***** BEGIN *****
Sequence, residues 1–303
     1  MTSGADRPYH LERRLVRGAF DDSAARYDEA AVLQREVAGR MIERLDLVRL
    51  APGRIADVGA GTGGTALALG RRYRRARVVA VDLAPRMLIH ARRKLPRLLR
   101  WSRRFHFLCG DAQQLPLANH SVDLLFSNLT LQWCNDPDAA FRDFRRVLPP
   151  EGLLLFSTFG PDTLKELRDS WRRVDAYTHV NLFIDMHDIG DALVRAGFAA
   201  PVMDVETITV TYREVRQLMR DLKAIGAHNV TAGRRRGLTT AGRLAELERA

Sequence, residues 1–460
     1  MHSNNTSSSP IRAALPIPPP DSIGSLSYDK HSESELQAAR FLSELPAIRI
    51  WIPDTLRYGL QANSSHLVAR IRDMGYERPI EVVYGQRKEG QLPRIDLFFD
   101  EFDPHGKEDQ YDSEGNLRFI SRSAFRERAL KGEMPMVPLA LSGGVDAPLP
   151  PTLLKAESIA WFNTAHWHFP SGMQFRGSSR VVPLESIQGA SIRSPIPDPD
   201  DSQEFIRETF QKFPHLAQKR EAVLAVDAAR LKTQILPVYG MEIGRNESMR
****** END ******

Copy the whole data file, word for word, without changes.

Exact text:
Sequence, residues 1–303
     1  MTSGADRPYH LERRLVRGAF DDSAARYDEA AVLQREVAGR MIERLDLVRL
    51  APGRIADVGA GTGGTALALG RRYRRARVVA VDLAPRMLIH ARRKLPRLLR
   101  WSRRFHFLCG DAQQLPLANH SVDLLFSNLT LQWCNDPDAA FRDFRRVLPP
   151  EGLLLFSTFG PDTLKELRDS WRRVDAYTHV NLFIDMHDIG DALVRAGFAA
   201  PVMDVETITV TYREVRQLMR DLKAIGAHNV TAGRRRGLTT AGRLAELERA

Sequence, residues 1–460
     1  MHSNNTSSSP IRAALPIPPP DSIGSLSYDK HSESELQAAR FLSELPAIRI
    51  WIPDTLRYGL QANSSHLVAR IRDMGYERPI EVVYGQRKEG QLPRIDLFFD
   101  EFDPHGKEDQ YDSEGNLRFI SRSAFRERAL KGEMPMVPLA LSGGVDAPLP
   151  PTLLKAESIA WFNTAHWHFP SGMQFRGSSR VVPLESIQGA SIRSPIPDPD
   201  DSQEFIRETF QKFPHLAQKR EAVLAVDAAR LKTQILPVYG MEIGRNESMR